1300 187 187
 
The Consolations Of Philosophy - Alain De Botton

The Consolations Of Philosophy

Paperback

Published: 1st September 2008
Ships: 5 to 9 business days
5 to 9 business days
RRP $9.95
$8.50
15%
OFF

Alain de Botton's The Consolations of Philosophy takes the discipline of logic and the mind back to its roots. Drawing inspiration from six of the finest minds in history - Socrates, Epicurus, Seneca, Montaigne, Schopenhauer and Nietzsche - he addresses lack of money, the pain of love, inadequacy, anxiety and conformity. De Botton's book led one critic to call philosophy 'the new rock and roll'.

About The Author

Alain de Botton is the author of bestselling books including The Consolations of Philosophy, The Art of Travel, How Proust Can Change Your Life and Essays in Love. His work has been published in twenty-five countries. Born in 1969, he lives in London, where he helped set up the School of Life.

REVIEW SNAPSHOT®

by PowerReviews
The Consolations Of Philosophy
 
4.0

(based on 1 review)

Ratings Distribution

  • 5 Stars

     

    (0)

  • 4 Stars

     

    (1)

  • 3 Stars

     

    (0)

  • 2 Stars

     

    (0)

  • 1 Stars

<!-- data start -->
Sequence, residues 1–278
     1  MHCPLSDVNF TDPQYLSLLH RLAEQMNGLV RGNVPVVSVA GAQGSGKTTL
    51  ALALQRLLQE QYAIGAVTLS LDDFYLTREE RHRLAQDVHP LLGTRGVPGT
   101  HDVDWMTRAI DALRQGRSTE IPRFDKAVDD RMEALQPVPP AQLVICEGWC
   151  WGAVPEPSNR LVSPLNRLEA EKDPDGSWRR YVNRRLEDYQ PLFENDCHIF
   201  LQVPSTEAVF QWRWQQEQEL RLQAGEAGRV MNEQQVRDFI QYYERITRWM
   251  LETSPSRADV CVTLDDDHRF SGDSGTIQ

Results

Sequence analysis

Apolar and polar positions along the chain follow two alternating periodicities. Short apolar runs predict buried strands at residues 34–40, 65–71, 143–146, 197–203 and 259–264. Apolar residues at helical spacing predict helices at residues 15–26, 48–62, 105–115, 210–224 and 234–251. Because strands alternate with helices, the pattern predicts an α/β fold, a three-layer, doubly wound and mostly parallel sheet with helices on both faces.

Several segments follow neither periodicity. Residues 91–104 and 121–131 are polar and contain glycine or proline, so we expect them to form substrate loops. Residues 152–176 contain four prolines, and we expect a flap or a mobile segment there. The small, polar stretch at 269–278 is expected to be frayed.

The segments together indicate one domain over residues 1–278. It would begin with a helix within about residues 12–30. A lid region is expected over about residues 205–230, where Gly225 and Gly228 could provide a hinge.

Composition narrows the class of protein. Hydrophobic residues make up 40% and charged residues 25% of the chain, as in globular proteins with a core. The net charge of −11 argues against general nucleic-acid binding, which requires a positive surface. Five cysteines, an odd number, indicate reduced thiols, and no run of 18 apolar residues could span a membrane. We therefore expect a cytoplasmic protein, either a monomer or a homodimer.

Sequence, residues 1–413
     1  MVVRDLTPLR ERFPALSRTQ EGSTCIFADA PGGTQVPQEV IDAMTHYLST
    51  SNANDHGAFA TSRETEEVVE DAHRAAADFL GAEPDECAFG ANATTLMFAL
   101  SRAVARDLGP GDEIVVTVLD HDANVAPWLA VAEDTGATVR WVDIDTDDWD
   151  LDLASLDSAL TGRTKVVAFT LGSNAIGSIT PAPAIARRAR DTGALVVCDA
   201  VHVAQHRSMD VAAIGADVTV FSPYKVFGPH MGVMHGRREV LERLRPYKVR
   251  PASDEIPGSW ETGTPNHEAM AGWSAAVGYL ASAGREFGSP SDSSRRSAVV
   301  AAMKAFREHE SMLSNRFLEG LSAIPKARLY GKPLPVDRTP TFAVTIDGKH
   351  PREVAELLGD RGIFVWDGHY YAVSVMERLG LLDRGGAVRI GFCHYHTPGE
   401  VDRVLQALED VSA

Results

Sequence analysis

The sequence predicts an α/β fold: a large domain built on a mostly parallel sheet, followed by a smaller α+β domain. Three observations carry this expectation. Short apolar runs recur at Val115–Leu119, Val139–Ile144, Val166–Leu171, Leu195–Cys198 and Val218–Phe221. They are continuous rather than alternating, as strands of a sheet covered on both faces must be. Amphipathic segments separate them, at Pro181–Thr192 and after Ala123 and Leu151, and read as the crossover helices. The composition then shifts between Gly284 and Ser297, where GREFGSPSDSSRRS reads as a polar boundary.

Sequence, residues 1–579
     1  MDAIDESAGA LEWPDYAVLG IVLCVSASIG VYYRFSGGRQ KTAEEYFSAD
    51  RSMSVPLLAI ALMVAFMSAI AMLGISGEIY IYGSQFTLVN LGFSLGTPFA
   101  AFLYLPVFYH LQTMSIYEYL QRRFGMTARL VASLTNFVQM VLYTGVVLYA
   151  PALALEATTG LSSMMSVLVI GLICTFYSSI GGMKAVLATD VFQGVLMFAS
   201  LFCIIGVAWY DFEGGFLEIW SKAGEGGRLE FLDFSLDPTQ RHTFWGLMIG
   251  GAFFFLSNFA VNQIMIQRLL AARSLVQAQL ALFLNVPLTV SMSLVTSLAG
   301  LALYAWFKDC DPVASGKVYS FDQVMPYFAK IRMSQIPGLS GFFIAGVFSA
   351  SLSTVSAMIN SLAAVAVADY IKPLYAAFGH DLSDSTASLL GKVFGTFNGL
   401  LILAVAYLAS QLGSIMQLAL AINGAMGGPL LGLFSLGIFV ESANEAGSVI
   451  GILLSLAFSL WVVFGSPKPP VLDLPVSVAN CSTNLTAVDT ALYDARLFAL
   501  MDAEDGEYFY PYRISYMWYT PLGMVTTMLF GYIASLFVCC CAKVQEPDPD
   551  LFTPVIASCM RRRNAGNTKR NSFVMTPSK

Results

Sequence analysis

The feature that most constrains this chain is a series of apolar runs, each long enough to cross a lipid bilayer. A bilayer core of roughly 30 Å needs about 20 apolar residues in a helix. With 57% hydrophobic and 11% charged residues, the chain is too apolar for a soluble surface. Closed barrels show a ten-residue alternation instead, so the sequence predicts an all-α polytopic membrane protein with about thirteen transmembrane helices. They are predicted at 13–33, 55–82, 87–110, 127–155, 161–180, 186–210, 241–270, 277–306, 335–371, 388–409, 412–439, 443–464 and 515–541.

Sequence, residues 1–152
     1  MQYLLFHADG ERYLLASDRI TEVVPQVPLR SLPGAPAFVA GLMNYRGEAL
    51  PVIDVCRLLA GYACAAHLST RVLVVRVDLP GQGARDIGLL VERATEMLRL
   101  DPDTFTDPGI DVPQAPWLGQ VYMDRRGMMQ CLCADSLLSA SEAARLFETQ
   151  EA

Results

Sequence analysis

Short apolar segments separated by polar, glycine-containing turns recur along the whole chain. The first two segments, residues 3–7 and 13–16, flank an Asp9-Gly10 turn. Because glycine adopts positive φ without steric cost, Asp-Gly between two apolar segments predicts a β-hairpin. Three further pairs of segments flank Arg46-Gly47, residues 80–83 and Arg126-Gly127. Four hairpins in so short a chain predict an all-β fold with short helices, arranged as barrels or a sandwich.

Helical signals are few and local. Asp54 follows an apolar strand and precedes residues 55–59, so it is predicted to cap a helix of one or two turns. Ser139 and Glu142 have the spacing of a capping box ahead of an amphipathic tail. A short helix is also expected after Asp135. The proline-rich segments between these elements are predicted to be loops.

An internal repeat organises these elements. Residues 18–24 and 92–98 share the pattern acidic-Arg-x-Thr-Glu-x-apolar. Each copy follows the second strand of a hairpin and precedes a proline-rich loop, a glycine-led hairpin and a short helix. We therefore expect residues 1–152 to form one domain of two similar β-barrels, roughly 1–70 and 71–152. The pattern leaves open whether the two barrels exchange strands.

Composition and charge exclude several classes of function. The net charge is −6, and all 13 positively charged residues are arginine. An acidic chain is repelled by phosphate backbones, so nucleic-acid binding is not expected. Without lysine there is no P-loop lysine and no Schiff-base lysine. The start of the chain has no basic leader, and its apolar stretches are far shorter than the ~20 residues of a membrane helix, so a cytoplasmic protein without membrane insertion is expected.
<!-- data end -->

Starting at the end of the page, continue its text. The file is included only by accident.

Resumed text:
(0)

Reviewed by 1 customer

Displaying review 1

Back to top

 
4.0

New perspective from an old topic

By Jen

from Sydney, Australia

About Me Bookworm

Verified Buyer

Pros

  • Deserves Multiple Readings
  • Easy To Read
  • Well Written

Cons

    Best Uses

      Comments about The Consolations Of Philosophy:

      Perfect delivery - really impressed!

      Comment on this review

      On Seneca An aeroplane belonging to the Swiss national airline, carrying 229 people, takes off on a scheduled flight from New York to Geneva. Fifty minutes out of Kennedy Airport, as the stewardesses roll their trolleys down the aisles of the McDonald Douglas MD-11, the captain reports smoke in the cockpit. Ten minutes later, the plane disappears off the radar. The gigantic machine, each of its wings 52 metres long, crashes into the placid seas off Halifax, Nova Scotia, killing all on board. Rescue workers speak of the difficulty of identifying what were, only hours before, humans with lives and plans. Briefcases are found floating in the sea.

      1. If we do not dwell on the risk of sudden disaster and pay a price for our innocence, it is because reality comprises two cruelly confusing characteristics: on the one hand, continuity and reliability lasting across generations; on the other, unheralded cataclysms. We find ourselves divided between a plausible invitation to assume that tomorrow will be much like today and the possibility that we will meet with an appalling event after which nothing will ever be the same again. It is because we have such powerful incentives to neglect the latter that Seneca invoked a goddess.